As for creating a green company, Boyer encourages his industry colleagues to find a model or language that can bring people together in their work on sustainability issues and bring about consensus on what to do and how to measure progress. “What’s most important is not the perfect model but what’s comfortable and a good fit for your company,” he said. “When a company gets started on this issue, there are always plenty of results to discuss with customers.”

You can then start to map your company’s processes: Where are energy and materials used? Where are the by-products and waste? “This map becomes very valuable for finding the places bringing the greatest gain for the least effort,” Boyer said. “Form teams to focus on the low-hanging fruit – the projects with the greatest improvement for the least effort – from the process map. Every employee will want to play a role in some way, and what they learn from the projects will spill over into their everyday work.”

MCD participates in sustainability in several ways. The company generates 50 percent of its energy from wind power and has lowered its energy usage patterns in the last 12 months by, among other things, switching to low-usage light bulbs throughout the building and installing intermittent light sensors in rooms with random traffic. MCD also recycles its foil waste and plastic waste – eliminating the amount that ends up in a landfill by nearly half in the last 10 years.

Sustainability Certification for the Industry

Jones encourages finishers and printers to devise an environmental plan that’s systematic and systemic and that will serve as a continuous-improvement project. “Go through each department and think about how to reduce waste and cut costs,” he said. “Start with the easiest to implement – you don’t have to spend a lot of money.” He added that those companies adopting a green focus are finding tremendous opportunities for cost savings: “They’re harnessing the power of their workforce to reduce operating costs, cut energy consumption, cut waste, and find recycling opportunities.”

To meet the demands of companies looking for a formal recognition program, the Sustainable Green Printing (SGP) Partnership was founded in June 2007 by PIA/GATF, Specialty Graphic Imaging Association, and Flexographic Technical Association as an independent third-party verification organization. Jones said that within a month, printing and finishing facilities will be able submit an application and supporting documentation to start the process of becoming a verified ‘Sustainable Green Printer.’ Following a successful audit, the facility will be recognized on the SGP web site and be allowed to use the SGP logo.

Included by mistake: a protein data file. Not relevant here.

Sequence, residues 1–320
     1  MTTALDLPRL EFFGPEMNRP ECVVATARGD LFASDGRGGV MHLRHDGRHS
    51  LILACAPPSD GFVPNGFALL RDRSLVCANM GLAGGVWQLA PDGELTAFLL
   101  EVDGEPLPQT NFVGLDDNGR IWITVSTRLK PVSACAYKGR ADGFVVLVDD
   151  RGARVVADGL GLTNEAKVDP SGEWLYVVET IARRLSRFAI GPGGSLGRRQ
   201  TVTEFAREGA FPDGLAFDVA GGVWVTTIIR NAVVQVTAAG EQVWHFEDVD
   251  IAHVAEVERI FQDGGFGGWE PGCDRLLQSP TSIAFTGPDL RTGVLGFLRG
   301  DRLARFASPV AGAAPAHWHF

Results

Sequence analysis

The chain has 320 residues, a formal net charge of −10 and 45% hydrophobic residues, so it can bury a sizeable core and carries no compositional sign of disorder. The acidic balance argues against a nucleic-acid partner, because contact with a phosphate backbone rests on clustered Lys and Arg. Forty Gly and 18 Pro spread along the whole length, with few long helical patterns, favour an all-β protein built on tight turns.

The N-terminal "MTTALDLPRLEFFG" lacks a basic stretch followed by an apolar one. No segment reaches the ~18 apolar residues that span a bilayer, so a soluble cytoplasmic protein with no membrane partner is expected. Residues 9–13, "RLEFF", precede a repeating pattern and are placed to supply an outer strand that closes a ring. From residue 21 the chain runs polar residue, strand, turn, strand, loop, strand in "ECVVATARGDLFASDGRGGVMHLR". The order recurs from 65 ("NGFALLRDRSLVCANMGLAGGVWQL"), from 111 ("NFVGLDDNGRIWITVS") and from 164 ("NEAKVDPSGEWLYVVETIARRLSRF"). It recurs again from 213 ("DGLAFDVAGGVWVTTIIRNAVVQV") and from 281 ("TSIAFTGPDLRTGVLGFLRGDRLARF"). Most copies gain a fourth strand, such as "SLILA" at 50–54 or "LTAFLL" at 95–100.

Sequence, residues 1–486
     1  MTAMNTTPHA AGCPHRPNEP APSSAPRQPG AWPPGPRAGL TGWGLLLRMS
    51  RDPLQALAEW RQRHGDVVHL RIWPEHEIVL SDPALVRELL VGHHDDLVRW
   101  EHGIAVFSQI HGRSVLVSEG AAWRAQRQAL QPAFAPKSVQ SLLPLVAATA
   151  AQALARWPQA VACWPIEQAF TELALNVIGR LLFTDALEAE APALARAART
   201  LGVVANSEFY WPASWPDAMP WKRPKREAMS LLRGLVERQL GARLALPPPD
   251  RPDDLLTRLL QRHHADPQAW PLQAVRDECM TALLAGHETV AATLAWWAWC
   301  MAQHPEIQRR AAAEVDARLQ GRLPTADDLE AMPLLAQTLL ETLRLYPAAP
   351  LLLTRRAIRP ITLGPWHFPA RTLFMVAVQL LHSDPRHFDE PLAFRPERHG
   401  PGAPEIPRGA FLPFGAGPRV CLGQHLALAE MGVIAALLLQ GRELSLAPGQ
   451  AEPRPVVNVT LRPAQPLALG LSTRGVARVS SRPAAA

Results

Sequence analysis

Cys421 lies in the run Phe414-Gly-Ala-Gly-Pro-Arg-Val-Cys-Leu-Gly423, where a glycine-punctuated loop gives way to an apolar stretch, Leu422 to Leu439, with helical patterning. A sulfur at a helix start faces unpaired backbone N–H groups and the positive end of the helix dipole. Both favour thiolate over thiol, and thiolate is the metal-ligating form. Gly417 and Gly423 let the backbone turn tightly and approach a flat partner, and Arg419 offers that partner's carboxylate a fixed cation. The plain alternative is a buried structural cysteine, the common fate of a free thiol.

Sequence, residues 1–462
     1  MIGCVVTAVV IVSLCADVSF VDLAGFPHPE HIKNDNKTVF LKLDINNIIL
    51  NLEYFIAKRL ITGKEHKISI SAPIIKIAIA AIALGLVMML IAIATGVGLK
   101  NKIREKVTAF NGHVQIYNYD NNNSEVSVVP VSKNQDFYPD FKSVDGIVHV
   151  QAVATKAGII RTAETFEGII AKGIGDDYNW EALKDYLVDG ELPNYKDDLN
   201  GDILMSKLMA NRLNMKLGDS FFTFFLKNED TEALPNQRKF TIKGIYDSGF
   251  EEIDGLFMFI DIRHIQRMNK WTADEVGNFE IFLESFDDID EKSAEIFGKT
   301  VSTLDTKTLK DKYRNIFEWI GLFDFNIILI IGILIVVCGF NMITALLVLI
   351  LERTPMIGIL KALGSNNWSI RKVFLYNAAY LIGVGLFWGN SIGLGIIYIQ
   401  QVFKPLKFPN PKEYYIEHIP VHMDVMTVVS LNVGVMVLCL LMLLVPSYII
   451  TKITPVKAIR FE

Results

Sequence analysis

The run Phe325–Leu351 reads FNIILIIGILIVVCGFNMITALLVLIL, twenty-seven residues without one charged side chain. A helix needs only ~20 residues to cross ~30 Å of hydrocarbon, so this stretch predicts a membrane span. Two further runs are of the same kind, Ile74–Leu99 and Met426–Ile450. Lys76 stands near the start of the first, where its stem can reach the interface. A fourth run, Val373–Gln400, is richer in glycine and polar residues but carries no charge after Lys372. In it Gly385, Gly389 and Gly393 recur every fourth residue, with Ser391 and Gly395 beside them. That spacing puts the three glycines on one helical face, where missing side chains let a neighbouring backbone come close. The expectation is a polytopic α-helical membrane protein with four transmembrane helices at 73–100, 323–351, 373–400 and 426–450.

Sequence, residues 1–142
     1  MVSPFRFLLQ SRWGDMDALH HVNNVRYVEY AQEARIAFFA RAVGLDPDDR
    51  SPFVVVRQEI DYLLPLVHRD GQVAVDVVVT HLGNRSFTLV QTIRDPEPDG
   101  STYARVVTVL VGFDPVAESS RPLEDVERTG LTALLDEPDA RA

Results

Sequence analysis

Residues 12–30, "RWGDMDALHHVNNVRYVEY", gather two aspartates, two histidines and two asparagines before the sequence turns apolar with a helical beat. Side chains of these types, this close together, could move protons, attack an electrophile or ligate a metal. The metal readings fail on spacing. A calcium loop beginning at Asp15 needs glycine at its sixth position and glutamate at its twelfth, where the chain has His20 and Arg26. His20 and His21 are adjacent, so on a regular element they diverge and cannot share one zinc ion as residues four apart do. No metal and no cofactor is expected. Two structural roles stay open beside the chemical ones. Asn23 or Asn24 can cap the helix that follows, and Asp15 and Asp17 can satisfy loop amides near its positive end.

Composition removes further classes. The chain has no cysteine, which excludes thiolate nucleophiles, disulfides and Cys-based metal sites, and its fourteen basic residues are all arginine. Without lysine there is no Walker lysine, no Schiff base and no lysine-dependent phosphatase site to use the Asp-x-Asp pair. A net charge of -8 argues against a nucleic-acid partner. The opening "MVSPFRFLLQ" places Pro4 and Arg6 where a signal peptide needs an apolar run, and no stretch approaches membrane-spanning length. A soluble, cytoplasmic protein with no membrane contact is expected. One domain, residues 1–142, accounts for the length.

“I am now in my 21st year of working at PIA/GATF and I’ve never spoken to more print buyers and designers than I have in the past year,” Jones said. He noted that many large, well-known manufacturing, food service, retail, and publishing companies have expressed interest in having their printing done at an SGP Printer. “We’re in the midst of a fundamental change – and I don’t think it’s going to go away, although it is hard to predict exactly where it’s going,” he added. “Business has always been about price, quality, and service, but now you have to add what you’re doing to protect the environment.”

On the Forefront
Morrow and the others acknowledged that keeping up with environmental issues and figuring out how to best respond to them given your market is no easy task. But they agree that taking the first few steps can make a big difference. “The only way we’re going to make change is to make it simple, get down to the common denominator – or we’ll get overwhelmed by all the information,” Morrow said.

“There’s nothing new here – we’ve heard about ‘reduce, reuse, and recycle’ since the ’70s,” added Jones. “The difference is that customers are driving the changes this time.” He noted that there’s an additional incentive for companies to learn all they can about going green: they can present their customers with environmentally friendly options and point out that by using this paper or that ink the customer will reduce emissions or waste – decisions customers can take credit for within their company’s annual report or web site. “Printers who’ve embraced green are becoming more valuable to their customers,” Jones said.

“Operating green is not a tradeoff with market share and meeting customer needs – it enhances both in many ways,” Boyer added. “When we are successful, we will no longer call it operating green but the way we do business.”

Want More Information?
For starters, check out these four resources on going green: